Just then a close disciple of the Master came in. He was bare above the waist, and his bulging stomach showed to prominence. The Master saw him and exclaimed jocularly, “Oh! Put the machine on his belly.”
His mood turned a little serious, however, when the doctors began to apply the electric massage to his face.
Overtired as he was, he said, “Enough, enough!” The attitude of the Master at that moment revealed extreme dispassion. He wanted nothing. After all, what could all the doctors in the world do when the call had come to him?
After many motions and free urination, the stomach became quite empty. He lay on his bed totally relaxed like a child, tapping the pillow with the fingers of his right hand. Or he moved his right palm lightly over his stomach in gentle circles. He had nothing to accomplish now; his work was over.
On July 14, Colonel Puri came to examine the Master. As he tapped with his rod to test the reflexes, the Master said, “Doctors are very cruel.”
“Yes, Swamiji, what can be done? It is our duty,” said the doctor, and added, “Swamiji, you will be all right shortly.”
“Yes, I must,” said the Master, “I have many things to do.”
“You will do, Swamiji, but with a handicap.”
The Master heard the doctor’s words clearly and gave him a steady look. Then in his unfailing hospitality saw to it that the doctor was offered uppama,coffee and books. He finally concluded with a farewell and an “Om Namo Narayanaya”.
After the doctor had left, and before he could take his own food, the Master developed fever and began to shiver. The breathing hardened. He took two or three spoonsful of Horlicks, and at about 3pm asked for water. As was the usual practice the disciples wanted to give him barley water or jeera water, but he wished to have Ganges water, pure and simple. The water was brought. The Master, who had experienced difficulty in taking the smallest quantity of solid or liquid, gulped down half a glassful of Ganges water without apparent trouble–and with that the Being that was Swami Sivananda laid aside its mortal vesture. It was now 11.15pm.
The time the Master chose to merge with the Supreme proved to be a holy Muhurta of extreme auspiciousness. It presented an exalted planetary position on the last limit of Uttarayana, and just before the commencement of the “Southern Path”. An expert horologist, who was also a capable astrologer, had mentioned only upon the morning of that fateful Sunday, that round about midnight there was going to be such an unparalleled and auspicious planetary conjunction that any Yogi who was getting ready to depart would never wish to miss it. The prediction proved correct and the Master chose the moment.
The end was so unexpectedly sudden that for a while the disciples were dazed. They knew that their Gurudev was gone, but the heart refused to believe it, the mind declined to recognise it. Time itself seemed to have come to an end. But soon the growing realisation of what this staggering event meant to the outside world, gradually penetrated beyond the dazing shock, and immediately telephonic and telegraphic messages were sent in all directions.
In the meantime, within the cottage the Master’s body was raised into a sitting posture, legs in the cross-legged posture, and the hands, with fingers interlocked, made to rest upon the feet. The devotees sat in the verandah, softly chanting the Maha Mantra, trying vainly to hold back tears and sobs. One by one the Ashram inmates came down in the dark and bowed before the Master’s holy form in sorrowful silence.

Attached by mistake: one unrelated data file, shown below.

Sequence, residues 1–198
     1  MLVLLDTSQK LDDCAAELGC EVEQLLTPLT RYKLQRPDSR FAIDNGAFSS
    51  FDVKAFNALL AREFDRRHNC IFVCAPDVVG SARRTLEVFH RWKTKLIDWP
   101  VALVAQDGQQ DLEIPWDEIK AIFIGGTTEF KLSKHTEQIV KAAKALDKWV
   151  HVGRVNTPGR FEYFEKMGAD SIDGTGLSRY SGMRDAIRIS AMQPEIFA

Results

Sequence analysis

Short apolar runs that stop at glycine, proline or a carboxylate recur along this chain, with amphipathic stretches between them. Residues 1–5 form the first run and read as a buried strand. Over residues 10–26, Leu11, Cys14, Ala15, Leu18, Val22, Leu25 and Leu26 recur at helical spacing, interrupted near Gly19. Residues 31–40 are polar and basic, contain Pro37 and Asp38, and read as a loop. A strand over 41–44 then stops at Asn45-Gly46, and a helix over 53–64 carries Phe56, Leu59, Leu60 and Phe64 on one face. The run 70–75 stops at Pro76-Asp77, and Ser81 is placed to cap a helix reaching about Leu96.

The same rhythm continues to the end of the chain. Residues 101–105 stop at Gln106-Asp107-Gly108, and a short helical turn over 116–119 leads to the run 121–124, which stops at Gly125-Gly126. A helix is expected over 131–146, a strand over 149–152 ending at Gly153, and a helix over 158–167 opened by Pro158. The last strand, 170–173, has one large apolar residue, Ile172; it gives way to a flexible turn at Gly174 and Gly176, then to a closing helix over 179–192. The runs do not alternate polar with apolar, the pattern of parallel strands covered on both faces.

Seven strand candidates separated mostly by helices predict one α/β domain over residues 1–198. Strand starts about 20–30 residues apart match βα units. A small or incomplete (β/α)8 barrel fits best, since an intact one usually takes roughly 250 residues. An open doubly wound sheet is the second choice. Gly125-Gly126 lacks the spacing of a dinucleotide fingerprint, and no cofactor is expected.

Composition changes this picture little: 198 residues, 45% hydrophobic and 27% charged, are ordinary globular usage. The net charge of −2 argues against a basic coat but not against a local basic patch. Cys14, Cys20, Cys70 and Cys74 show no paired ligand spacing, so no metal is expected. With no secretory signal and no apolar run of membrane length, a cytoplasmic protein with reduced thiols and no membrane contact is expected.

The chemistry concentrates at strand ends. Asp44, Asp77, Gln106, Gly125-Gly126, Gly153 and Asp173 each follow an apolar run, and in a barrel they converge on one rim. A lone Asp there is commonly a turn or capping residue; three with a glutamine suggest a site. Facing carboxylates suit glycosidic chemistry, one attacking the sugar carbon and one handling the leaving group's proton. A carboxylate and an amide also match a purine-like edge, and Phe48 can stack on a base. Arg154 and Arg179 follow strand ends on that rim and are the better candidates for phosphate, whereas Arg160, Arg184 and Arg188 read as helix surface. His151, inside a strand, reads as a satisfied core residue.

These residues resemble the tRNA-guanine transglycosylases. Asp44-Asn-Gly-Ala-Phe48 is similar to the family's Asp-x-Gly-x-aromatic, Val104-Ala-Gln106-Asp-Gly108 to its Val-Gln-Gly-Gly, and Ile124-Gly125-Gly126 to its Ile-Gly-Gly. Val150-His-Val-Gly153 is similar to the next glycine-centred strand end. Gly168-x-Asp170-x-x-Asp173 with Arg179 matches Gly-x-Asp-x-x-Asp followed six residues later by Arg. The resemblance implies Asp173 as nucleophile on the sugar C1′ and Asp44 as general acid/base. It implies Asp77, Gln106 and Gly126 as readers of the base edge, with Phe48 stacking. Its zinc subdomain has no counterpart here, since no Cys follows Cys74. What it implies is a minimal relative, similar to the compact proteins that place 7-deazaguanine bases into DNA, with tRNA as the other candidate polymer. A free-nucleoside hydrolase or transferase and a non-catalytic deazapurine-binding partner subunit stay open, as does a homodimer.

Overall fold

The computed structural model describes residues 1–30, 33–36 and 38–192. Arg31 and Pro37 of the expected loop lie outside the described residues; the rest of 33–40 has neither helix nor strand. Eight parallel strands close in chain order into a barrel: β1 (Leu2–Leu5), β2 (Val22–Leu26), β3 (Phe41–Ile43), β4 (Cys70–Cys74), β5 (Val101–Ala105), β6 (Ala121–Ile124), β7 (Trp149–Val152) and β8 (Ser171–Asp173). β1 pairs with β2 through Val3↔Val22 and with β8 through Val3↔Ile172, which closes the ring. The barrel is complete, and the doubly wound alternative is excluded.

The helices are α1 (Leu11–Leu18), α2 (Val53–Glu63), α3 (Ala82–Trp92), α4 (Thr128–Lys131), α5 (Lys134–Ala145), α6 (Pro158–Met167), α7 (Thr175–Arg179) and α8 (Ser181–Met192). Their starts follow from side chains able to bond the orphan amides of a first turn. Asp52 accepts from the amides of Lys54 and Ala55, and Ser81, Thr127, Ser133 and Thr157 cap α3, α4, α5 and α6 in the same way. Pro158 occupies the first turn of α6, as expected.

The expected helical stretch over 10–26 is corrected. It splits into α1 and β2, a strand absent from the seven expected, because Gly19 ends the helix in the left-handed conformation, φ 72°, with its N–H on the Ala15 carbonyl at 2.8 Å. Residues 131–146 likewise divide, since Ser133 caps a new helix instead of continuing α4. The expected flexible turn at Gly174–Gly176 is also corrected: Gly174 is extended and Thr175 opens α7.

Early the next morning the news broke upon the world through the newspaper and the radio. Messages of condolence, of sympathy, of heart-breaking grief came pouring in from everywhere. Locally, all Rishikesh was astir with the tragic news, and the town populace started streaming into the Ashram to bow before the great saint, who by his stupendous spiritual work had made the name of Rishikesh renowned the world over.
A first ceremonial bath was now given to the Master’s body and fresh cloth draped over it. Tilak was applied to his forehead, and flower garlands put on the neck. By this time the queue of visitors had lengthened onto the road above. All day long and far into the night devotees kept coming from different places for the last Darshan.
On Tuesday, July 16, the Ganges bank area around the Ashram was a veritable mass of humanity. Every vantage point along the bank of the Ganges was occupied by an expectant crowd awaiting the emergence of the Master’s mortal frame from inside his Kutir. At 10.30am the body, borne by his personal attendants, was gently brought out of the room to the blowing of conches and chiming of bells. As it emerged from the doorway, teachers and students of the Darshana Mahavidyalaya, a sister spiritual institution, broke into Vedic chant. Slowly and with infinite care, the holy form of the Master was taken up the steps onto the flag square in front of the Ashram’s guest room, and eastward along the Ganges bank.
At the Rajbansi waterfront the bearers descended the steps towards the Ganges and placed the body upon a cot kept ready on the waterfront platform. Then to the chant of Vedic Mantras, it was bathed ceremoniously, first with various ingredients and then with holy Ganges water. After this Abhisheka it was placed in a palanquin bedecked with flowers, and lifted upon the shoulders of the Master’s disciples. The procession wended its way to the Ashram area on the Viswanath temple hill. The solemn sound of Maha Mantra Kirtan and Veda-patha, punctuated by cries of victory, such as “Swami Sivananda Maharaj-ki-Jai” and “Satgurudev-ki-Jai”, filled the air.